Sleep expert lists five things you do that sabotage your nighttime sleep before you even go to bed

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We spend nearly a third of our entire lives in our beds, and the rest of our lives we depend on getting a good night’s sleep to function well.

When we don’t close our eyes enough at night, it can cause us to suffer from low mood, poor concentration, and can even affect our long-term physical health.

But there are some things you could be doing wrong before you even go to bed that are actually sabotaging your nighttime sleep — without you even realizing it.

We spoke to sleep expert Motty Varghese, behavioral sleep therapist at Sleep Therapy Clinic in Stillorgan, Dublin, to find out exactly what’s wrong with your bedtime routine and how to fix it.

Here are the five things you’re doing wrong that could be sabotaging your nighttime sleep:

1. Don’t go to bed if you’re not sleepy

You shouldn’t try to fall asleep when you’re not yet tired enough because you won’t have built up enough drowsiness or appetite for sleep to fall asleep, according to Motty.

“Our bedtime behavior should be determined by how sleepy we are closer to that time,” he said.

“Instead of saying ‘I’m going to bed at 10 or 11 p.m.’, it should be determined by how sleepy we are at that time. It’s like being hungry for food. The longer you go without food, the hungrier you are.

“We have to be hungry enough to sleep. It is mainly determined by the number of waking hours we have before going to bed at night.

TO FIX: Stick to a consistent bedtime and wake-up time every day of the week.

2. Don’t turn on too many bright lights at night

If you’re exposed to too many artificial light sources at night, it can interrupt our body’s ability to produce melatonin – the natural sleep hormone. Light sources can include house lights as well as light from telephones and computers.

“Once the sun goes down, there is a lack of light naturally, and the body prepares for sleep by producing sleep hormones like melatonin,” Motty said.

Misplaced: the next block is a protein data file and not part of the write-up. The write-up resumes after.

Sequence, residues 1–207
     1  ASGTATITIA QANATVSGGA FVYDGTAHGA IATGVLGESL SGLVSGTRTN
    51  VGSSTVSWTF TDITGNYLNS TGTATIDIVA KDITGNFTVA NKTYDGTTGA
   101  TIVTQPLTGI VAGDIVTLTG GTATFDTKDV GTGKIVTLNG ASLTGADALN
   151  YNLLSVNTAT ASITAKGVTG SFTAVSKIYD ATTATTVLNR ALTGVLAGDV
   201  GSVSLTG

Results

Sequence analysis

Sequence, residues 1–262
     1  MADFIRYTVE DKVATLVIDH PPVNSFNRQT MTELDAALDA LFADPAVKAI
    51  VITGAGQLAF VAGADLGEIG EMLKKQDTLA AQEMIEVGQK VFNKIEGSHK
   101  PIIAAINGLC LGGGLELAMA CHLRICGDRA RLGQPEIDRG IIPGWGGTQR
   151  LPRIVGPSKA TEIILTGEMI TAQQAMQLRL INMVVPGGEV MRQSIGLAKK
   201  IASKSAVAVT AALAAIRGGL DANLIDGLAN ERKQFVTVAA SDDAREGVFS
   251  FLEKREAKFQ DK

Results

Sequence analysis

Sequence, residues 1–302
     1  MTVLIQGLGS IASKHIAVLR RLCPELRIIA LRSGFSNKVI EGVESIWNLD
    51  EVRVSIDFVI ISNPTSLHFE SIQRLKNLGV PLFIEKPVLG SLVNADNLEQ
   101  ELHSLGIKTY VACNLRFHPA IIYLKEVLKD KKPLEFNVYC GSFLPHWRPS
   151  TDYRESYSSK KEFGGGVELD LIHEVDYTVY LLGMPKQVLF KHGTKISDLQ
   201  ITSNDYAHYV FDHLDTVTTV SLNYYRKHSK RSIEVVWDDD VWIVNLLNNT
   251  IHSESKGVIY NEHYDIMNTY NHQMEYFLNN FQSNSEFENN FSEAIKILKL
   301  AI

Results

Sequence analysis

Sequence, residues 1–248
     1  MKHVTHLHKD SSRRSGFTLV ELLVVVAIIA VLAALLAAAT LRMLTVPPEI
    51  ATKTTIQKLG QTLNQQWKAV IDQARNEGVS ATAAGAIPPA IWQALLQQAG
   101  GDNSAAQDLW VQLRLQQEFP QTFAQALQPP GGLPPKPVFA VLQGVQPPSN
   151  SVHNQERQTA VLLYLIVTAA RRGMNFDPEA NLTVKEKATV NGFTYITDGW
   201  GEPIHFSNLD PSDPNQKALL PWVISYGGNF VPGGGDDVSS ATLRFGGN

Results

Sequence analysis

“Because we have a lot of artificial light sources, we can disrupt that process because we’re looking at the phone, looking at a lot of bright light or blue light.

“It is very important for us to send the right signal to the body. Dim the lights at night, dim the lights in the house, avoid the phone or computers.

TO FIX: Sitting outside with your morning coffee and enjoying the natural sunlight for half an hour in the morning can in turn help you sleep better at night.

3. Don’t worry too much about going to sleep

Worrying too much about being able to sleep can actually make people more alert and less likely to sleep well.

“When people develop sleep difficulties like insomnia, they become anxious about their sleep,” he said. “Stress, anxiety and perfectionism make us more alert.

“For [some people], not sleeping well is a threat to them. That’s how they perceive it.

“When they go to bed and turn off the lights and they’re still awake for a few hours, it’s not a pleasant feeling. When they get anxious or stressed about it, they become more alert.

“It’s about finding the right balance between drowsiness and alertness. We need to stay calm and relaxed for this to translate into a good night’s sleep.

TO FIX: If you don’t fall asleep within the first 20 or 30 minutes, don’t just lie there. Get up and leave the room. Write down all your worries and to-do lists, watch TV for half an hour, then go back to bed and try to go back to sleep.

4. Do not drink caffeine for 8 hours before bed

If your bedtime is 11 p.m., for example, Motty advises you not to drink caffeinated beverages like coffee, coke, or energy drinks after 3 p.m.

“Try to avoid caffeinated beverages for eight hours before bed,” he says. “There’s a self-sustaining capability, so some people can have a cup of coffee later in the evening and still get a good night’s sleep.

“It also depends on how fast we metabolize caffeine. But the general advice would be to leave it on for eight hours as it can hamper the chemical process of drowsiness.

TO FIX: Replace caffeinated beverages with non-caffeinated beverages like hot milk or herbal tea.

5. Don’t eat, exercise or take a hot shower too late

Any activity that warms you up before going to bed can disrupt your sleep because our bodies need to be cool to sleep well.

Eating, exercising, or taking a shower are all activities that raise your body temperature. Motty therefore advises avoiding them as bedtime approaches.

“Keep a cooler body temperature, so try to avoid eating late at night, as digestion can raise body temperature,” Motty says.

“Exercising closer to bedtime may raise body temperature or taking a hot shower closer to bedtime may also raise body temperature.”

TO FIX: Take a shower a few hours before bedtime so that your peak body temperature has dropped in time for bedtime.


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